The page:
However, in recent years, the city has smartened its act up a little and with ever more London commuters living in and around the city, demand for decent restaurants has increased.
I had popped in there a few months ago for a quick, informal business meeting with a contact after work and was very impressed by the quirky and sensitive use of space and the cosy, yet modern and unpretentious feel.
|The Hotel Du Vin wine cellar|
For this visit to the bistro, I was attracted by the homegrown and local menu on offer and wondered what seasonal east Anglian produce might be on offer in late autumn.
One of my principles of eating out is to try something different from what we might normally have at home and more or less as a result of this, our choices for all three courses were made for us. Eschewing the pumpkin soup (with Hallowe'en just over, we'd had plenty of this) and sausages (a staple of CWB dinners), we went for pork pie followed by pollock.
The pork pie was dense and meaty, with a satisfying pastry crust; it was served with garnished leaves and a delicious plum chutney with just the right amount of spice and a great balance between sweet and sharp.
The pollock came with chorizo and a gently spiced tomato sauce with again, a noticeable-but-restrained flavour of cumin, and sat on a small bed of wilted dark green leaves.
As it was lunchtime and we had two small and demanding children to get back home to, we limited ourselves to a couple of glasses of Manzanilla sherry; salty, dry and pungently yeasty, it was also superbly well-balanced with great length and depth of flavour.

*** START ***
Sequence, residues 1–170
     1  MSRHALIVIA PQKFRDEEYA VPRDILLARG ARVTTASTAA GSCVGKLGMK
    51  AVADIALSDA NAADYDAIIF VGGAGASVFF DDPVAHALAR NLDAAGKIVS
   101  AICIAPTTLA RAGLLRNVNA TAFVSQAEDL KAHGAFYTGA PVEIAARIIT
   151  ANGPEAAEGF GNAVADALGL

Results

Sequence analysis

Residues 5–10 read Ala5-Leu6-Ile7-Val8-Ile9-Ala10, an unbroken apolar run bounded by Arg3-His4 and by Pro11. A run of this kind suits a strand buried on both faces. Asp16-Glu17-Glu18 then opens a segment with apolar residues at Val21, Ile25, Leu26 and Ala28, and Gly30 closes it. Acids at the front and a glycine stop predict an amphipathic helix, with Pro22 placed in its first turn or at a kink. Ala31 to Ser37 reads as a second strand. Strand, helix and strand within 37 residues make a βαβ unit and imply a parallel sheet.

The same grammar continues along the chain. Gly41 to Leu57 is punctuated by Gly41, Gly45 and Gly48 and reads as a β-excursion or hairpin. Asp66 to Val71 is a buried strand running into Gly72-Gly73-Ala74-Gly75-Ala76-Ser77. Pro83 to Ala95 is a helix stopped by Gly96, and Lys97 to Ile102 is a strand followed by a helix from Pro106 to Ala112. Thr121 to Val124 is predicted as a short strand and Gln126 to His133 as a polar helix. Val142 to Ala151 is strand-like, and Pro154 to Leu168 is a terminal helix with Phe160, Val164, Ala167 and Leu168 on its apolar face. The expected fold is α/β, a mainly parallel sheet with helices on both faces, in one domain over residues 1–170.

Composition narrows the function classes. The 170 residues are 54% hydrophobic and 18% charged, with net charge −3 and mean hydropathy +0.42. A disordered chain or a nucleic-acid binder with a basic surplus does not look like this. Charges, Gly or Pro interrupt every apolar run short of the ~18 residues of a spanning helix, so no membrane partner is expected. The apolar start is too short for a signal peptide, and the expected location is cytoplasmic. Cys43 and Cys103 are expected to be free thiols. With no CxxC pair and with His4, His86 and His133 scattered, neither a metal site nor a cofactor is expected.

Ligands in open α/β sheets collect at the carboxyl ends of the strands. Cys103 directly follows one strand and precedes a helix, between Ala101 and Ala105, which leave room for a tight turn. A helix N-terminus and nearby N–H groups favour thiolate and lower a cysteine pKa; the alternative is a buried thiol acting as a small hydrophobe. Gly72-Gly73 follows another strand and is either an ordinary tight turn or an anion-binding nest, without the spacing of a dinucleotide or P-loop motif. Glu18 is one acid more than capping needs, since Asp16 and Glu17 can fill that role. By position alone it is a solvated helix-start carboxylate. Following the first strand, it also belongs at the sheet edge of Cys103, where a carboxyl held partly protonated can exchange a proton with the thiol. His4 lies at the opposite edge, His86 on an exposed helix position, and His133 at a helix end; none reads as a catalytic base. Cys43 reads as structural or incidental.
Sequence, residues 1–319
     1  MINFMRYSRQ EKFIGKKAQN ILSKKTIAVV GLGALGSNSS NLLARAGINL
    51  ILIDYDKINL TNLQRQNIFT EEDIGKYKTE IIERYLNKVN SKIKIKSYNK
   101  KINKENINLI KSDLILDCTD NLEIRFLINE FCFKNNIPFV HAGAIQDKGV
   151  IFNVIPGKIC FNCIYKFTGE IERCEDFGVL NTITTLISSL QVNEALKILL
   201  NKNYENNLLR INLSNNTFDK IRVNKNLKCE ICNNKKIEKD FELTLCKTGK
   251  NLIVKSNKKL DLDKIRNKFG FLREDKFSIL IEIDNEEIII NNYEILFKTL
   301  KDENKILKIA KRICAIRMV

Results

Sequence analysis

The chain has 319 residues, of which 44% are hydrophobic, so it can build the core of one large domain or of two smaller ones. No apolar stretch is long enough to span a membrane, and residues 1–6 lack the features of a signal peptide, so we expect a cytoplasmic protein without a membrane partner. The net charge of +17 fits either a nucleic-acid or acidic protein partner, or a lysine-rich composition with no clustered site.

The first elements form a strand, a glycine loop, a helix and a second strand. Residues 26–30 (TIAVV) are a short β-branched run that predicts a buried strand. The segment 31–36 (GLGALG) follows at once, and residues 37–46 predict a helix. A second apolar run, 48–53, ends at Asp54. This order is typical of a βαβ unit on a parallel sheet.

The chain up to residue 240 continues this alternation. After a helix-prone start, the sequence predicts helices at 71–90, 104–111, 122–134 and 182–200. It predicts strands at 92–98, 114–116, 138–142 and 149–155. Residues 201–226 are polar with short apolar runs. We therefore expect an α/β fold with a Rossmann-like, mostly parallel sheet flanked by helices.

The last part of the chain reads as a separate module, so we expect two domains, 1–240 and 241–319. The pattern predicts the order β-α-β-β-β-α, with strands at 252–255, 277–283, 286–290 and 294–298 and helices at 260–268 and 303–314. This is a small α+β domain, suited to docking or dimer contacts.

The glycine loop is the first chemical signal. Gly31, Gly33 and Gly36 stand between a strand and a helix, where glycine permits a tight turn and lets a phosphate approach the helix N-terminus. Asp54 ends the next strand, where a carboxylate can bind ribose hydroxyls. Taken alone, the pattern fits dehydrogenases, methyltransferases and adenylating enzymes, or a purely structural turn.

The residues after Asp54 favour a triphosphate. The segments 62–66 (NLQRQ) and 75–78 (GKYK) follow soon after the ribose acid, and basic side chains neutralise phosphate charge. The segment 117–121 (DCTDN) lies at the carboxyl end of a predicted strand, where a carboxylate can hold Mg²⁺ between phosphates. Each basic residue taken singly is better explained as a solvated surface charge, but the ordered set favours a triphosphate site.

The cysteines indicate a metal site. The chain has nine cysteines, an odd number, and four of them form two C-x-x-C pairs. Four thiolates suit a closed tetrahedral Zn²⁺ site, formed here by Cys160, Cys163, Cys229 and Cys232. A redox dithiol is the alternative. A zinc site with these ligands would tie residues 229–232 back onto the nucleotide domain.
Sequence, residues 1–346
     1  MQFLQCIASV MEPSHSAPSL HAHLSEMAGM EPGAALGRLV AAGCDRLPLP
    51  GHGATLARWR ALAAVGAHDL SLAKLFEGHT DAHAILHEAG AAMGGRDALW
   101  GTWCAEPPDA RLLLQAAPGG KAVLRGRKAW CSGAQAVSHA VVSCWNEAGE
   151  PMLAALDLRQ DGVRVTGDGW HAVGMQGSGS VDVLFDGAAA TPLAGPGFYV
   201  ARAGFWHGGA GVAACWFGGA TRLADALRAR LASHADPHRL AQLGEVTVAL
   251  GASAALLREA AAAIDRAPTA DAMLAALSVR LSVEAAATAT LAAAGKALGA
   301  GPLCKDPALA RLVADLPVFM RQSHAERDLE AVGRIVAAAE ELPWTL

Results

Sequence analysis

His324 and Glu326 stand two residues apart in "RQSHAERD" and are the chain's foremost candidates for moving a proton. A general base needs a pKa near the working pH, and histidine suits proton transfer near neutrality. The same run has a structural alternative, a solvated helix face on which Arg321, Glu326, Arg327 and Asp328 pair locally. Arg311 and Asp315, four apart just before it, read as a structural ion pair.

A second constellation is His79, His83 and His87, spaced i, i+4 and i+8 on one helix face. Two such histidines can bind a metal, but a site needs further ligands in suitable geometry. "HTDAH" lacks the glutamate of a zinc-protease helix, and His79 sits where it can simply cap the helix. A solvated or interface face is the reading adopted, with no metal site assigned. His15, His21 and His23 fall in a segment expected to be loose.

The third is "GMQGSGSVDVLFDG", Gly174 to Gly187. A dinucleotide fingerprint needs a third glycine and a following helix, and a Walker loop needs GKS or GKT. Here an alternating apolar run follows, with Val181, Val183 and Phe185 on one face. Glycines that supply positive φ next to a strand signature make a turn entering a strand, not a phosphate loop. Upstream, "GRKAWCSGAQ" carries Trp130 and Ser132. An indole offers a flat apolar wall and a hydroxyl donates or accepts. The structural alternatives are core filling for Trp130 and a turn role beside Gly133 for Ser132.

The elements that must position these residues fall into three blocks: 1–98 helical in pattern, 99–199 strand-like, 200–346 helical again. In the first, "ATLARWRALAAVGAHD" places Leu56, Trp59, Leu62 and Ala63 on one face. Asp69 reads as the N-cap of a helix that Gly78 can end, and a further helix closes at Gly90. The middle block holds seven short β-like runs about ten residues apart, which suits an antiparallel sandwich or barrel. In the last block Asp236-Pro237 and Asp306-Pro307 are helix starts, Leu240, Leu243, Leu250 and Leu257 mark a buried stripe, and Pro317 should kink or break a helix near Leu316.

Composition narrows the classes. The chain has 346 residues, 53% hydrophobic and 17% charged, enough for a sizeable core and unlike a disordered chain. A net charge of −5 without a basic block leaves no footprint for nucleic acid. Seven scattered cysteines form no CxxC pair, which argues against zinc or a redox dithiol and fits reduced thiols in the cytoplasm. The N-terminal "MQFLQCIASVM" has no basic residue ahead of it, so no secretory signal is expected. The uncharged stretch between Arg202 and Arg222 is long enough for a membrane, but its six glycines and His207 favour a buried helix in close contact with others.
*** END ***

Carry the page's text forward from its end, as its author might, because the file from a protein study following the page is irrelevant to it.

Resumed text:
When the dessert menu came round, we had already decided and ordered the sticky toffee pudding and chantilly cream without hesitation. Like the rest of the meal, it was simple yet full of delicious flavour and excellently made - the pudding light, just the right amount of rich toffee sauce not to be too cloying and the sweet chantilly cream balancing it all out perfectly.
And thinking back, that balance was the theme of the meal - nothing too flashy or obviously crowd-pleasing, but really well-cooked and well-balanced food kept simple yet sophisticated.
In a city like Cambridge with so much passing trade, it takes a certain degree of confidence, if not bravery, to serve food which impresses not with immediate flashiness but with quiet, understated confidence. As a Cambridge resident - and not a tourist - it's a decision I appreciate.
A lunchtime meal for two from the Homegrown and Local menu with drinks, service and charitable donation cost £60.
Hotel Du Vin - http://www.hotelduvin.com/
Massey Partnership - http://www.massey.co.uk/